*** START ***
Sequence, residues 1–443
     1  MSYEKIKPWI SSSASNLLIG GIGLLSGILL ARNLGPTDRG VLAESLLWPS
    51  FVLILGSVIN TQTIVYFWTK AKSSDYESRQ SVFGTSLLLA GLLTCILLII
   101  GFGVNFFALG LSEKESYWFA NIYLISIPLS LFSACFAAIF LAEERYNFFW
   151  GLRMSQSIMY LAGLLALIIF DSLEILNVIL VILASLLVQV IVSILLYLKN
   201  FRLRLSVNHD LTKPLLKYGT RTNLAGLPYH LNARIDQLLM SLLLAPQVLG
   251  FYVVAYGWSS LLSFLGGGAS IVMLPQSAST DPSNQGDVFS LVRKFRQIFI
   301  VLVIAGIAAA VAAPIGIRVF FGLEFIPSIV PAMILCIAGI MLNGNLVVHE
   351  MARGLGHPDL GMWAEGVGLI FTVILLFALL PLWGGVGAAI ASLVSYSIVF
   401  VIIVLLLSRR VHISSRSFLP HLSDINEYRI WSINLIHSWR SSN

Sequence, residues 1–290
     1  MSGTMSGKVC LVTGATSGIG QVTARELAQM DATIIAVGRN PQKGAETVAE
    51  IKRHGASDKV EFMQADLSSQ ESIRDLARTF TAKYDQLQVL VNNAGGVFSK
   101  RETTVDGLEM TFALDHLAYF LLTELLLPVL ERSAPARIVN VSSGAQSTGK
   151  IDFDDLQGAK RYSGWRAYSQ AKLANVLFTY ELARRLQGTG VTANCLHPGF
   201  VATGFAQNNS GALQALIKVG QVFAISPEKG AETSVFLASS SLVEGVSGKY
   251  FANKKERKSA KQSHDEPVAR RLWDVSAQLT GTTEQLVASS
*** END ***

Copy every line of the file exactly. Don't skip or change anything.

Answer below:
Sequence, residues 1–443
     1  MSYEKIKPWI SSSASNLLIG GIGLLSGILL ARNLGPTDRG VLAESLLWPS
    51  FVLILGSVIN TQTIVYFWTK AKSSDYESRQ SVFGTSLLLA GLLTCILLII
   101  GFGVNFFALG LSEKESYWFA NIYLISIPLS LFSACFAAIF LAEERYNFFW
   151  GLRMSQSIMY LAGLLALIIF DSLEILNVIL VILASLLVQV IVSILLYLKN
   201  FRLRLSVNHD LTKPLLKYGT RTNLAGLPYH LNARIDQLLM SLLLAPQVLG
   251  FYVVAYGWSS LLSFLGGGAS IVMLPQSAST DPSNQGDVFS LVRKFRQIFI
   301  VLVIAGIAAA VAAPIGIRVF FGLEFIPSIV PAMILCIAGI MLNGNLVVHE
   351  MARGLGHPDL GMWAEGVGLI FTVILLFALL PLWGGVGAAI ASLVSYSIVF
   401  VIIVLLLSRR VHISSRSFLP HLSDINEYRI WSINLIHSWR SSN

Sequence, residues 1–290
     1  MSGTMSGKVC LVTGATSGIG QVTARELAQM DATIIAVGRN PQKGAETVAE
    51  IKRHGASDKV EFMQADLSSQ ESIRDLARTF TAKYDQLQVL VNNAGGVFSK
   101  RETTVDGLEM TFALDHLAYF LLTELLLPVL ERSAPARIVN VSSGAQSTGK
   151  IDFDDLQGAK RYSGWRAYSQ AKLANVLFTY ELARRLQGTG VTANCLHPGF
   201  VATGFAQNNS GALQALIKVG QVFAISPEKG AETSVFLASS SLVEGVSGKY
   251  FANKKERKSA KQSHDEPVAR RLWDVSAQLT GTTEQLVASS